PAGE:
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FDA Encouraging Pregnant, Breast-Feeding Women To Eat More Fish, As Long As They Are Low In Mercury

June 11, 2014
Image Caption: Among the approved fish are salmon, trout, anchovies and sardines, all of which are high in essential omega-3 fatty acids. Credit: Thinkstock.com

redOrbit Staff & Wire Reports – Your Universe Online

A decade after first advising pregnant and breast-feeding women to avoid most types of seafood, the US Food and Drug Administration (FDA) is now encouraging those individuals to eat more fish – provided it is low in mercury.

The FDA, in collaboration with the Environmental Protection Agency (EPA) issued a new set of guidelines Tuesday encouraging pregnant and breast-feeding women, as well as those who might become pregnant and young children, to consume more of the right types of fish due to the essential developmental and health benefits they provide.

According to Brianna Sacks of the Los Angeles Times, the approved fish include salmon, trout, anchovies and sardines, all of which are high in essential omega-3 fatty acids. Furthermore, the agency also noted that pollock, shrimp, talapia, catfish, cod and canned light tuna were safe for women to consume while pregnant or breast feeding.

“For years many women have limited or avoided eating fish during pregnancy or feeding fish to their young children,” explained FDA acting chief scientist Dr. Stephen Ostroff. “But emerging science now tells us that limiting or avoiding fish during pregnancy and early childhood can mean missing out on important nutrients that can have a positive impact on growth and development as well as on general health.”

The new draft update is the first since 2004, and according to Reuters reporter Toni Clarke, it continues to recommend that pregnant women avoid swordfish, shark, king mackerel and tilefish from the Gulf of Mexico. The agencies are currently seeking public comment on whether or not orange roughy and marlin should be added to the “fish to avoid” list.

“The regulators had previously recommended pregnant women eat as much as 12 ounces of seafood a week but had not suggested a minimum,” she said. Previously, the FDA and EPA had established maximum amounts of low-mercury fish that these women and children should consume, but opted to alter their policy in response to recent research emphasizing the importance of appropriate fish consumption in the diets of these groups.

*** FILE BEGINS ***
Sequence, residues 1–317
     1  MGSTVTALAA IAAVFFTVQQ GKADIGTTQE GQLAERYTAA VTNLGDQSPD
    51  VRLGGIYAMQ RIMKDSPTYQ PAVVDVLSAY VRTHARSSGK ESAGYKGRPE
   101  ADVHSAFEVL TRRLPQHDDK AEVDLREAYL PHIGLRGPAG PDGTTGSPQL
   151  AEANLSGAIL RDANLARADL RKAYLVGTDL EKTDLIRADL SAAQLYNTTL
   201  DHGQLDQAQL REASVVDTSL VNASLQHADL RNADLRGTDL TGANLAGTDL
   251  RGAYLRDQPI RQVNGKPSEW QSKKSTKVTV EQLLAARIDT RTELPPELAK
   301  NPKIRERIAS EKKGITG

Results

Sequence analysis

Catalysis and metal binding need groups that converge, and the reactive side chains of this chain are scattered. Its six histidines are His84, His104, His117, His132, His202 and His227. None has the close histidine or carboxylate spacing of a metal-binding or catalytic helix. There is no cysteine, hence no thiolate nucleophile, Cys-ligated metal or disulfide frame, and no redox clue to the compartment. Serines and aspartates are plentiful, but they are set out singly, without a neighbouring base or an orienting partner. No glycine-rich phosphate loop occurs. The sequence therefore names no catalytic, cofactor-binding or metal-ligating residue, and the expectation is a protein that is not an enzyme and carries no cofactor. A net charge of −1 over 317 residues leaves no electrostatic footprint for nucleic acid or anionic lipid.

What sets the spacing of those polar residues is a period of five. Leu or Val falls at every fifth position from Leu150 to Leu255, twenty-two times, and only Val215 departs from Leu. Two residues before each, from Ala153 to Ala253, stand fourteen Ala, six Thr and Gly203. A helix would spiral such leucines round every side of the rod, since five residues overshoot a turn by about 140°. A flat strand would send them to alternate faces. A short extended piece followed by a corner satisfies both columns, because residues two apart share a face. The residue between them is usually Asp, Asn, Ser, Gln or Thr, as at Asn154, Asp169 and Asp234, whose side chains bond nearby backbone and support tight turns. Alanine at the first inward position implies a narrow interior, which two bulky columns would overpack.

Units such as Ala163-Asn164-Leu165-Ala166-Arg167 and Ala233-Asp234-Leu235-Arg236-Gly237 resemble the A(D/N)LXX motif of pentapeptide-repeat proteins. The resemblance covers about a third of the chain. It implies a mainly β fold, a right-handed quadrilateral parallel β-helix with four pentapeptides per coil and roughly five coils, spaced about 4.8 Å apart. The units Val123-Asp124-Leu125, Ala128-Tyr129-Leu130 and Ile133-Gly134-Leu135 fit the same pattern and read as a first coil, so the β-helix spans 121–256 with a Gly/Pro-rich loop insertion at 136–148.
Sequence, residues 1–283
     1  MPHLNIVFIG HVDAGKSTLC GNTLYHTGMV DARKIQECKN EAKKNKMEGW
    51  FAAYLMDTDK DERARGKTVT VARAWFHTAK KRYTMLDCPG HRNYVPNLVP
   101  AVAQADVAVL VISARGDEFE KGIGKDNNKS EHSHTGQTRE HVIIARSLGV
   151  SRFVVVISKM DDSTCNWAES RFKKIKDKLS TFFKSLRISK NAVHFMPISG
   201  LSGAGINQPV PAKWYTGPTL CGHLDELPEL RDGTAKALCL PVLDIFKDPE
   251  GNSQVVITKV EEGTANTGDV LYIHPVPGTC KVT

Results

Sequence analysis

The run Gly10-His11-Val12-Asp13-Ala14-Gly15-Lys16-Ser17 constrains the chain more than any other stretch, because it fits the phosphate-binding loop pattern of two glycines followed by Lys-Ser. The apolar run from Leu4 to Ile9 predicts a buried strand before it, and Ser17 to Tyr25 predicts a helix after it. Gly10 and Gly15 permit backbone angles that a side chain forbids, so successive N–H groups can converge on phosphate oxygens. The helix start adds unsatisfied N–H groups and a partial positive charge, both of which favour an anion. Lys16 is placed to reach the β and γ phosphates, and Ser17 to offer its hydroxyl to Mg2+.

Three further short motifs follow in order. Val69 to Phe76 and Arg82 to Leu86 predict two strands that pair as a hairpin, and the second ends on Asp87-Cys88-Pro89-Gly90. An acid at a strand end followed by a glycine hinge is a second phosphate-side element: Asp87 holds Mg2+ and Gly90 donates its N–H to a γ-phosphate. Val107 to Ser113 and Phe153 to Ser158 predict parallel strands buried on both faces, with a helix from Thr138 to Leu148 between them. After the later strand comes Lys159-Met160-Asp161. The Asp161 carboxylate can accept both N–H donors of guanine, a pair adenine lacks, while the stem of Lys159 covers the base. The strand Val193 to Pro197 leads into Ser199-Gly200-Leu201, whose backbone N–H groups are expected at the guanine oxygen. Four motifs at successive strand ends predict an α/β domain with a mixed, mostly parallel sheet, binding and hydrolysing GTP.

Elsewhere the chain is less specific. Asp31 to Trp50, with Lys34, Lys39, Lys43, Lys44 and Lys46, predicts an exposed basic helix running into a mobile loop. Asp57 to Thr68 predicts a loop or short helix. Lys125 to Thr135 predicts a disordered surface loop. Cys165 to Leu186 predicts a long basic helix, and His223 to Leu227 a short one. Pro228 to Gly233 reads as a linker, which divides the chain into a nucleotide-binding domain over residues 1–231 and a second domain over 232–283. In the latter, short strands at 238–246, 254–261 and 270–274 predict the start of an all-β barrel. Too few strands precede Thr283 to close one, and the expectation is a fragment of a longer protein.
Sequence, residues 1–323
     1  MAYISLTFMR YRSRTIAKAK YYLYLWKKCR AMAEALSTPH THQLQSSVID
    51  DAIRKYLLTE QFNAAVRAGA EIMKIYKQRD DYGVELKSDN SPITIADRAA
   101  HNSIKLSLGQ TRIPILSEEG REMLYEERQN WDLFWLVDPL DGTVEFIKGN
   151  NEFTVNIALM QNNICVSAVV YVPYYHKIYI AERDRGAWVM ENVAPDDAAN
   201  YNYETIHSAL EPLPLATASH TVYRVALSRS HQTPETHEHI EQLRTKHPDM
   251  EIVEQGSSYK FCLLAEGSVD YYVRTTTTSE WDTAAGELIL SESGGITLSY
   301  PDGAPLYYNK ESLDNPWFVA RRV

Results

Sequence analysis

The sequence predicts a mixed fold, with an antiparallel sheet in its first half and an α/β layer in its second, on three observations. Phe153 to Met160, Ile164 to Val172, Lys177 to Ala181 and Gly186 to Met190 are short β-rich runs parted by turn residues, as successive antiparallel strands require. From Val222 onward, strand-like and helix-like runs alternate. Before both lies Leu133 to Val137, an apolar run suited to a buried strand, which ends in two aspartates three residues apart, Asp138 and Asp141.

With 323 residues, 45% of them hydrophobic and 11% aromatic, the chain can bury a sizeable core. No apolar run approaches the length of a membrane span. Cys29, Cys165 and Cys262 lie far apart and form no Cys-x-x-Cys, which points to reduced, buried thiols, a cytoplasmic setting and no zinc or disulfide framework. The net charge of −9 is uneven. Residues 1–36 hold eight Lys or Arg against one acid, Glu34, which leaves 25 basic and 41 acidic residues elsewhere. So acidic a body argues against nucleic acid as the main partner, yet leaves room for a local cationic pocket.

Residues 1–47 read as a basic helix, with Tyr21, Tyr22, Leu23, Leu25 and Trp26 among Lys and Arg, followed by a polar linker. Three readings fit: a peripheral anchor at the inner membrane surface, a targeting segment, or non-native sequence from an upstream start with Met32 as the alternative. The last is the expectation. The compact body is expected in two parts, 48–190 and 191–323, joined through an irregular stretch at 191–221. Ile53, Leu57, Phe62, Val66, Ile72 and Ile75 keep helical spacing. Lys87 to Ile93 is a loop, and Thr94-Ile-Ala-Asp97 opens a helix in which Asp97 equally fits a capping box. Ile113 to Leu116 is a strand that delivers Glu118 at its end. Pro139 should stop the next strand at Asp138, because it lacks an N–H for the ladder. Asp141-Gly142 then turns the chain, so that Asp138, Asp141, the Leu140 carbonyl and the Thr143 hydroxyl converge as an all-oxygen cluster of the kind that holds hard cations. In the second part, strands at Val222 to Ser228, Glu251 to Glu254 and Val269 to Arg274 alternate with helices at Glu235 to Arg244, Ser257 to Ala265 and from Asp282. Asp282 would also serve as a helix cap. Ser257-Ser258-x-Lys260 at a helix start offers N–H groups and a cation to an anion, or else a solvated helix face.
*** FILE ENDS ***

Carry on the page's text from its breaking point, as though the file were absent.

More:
Clarke noted that the proposed changes have disappointed some consumer groups in favor of limiting methylmercury exposure, which can reportedly cause prenatal harm. The fishing industry, conversely, has embraced the changes, stating that the new guidelines focus more on the nutritional benefits of seafood than the potential risk.

The FDA said that it conducted an analysis of seafood consumption from more than 1,000 American women. They found that 21 percent of them had consumed no fish during the previous month, 50 percent had eaten less than two ounces per week, and 75 percent had consumed less than four ounces per week. They now suggest pregnant women eat between 8 and 12 ounces (2-3 servings) of low-mercury fish each week.

However, as the Washington Post’s Brady Dennis pointed out, the agencies are recommending that pregnant and breast-feeding women and young children should limit the amount of white or albacore tuna to just six ounces per week. They also said that families should consult local guidelines when it comes to eating seafood caught in local rivers, streams and lakes.

“Tuesday’s recommendations appeared to be an attempt to balance the varying views on how much mercury is safe for certain vulnerable groups,” Dennis said. “But it is unlikely to satisfy consumer advocates who have long pushed the FDA to require labeling on seafood packages disclosing mercury content, saying such an approach would be more effective than hard-to-remember government guidelines.”

“Eating fish with lower levels of mercury provides numerous health and dietary benefits,” added Nancy Stoner, the EPA’s acting assistant administrator for the Office of Water. “This updated advice will help pregnant women and mothers make informed decisions about the right amount and right kinds of fish to eat during important times in their lives and their children’s lives.”


Source: redOrbit Staff & Wire Reports - Your Universe Online



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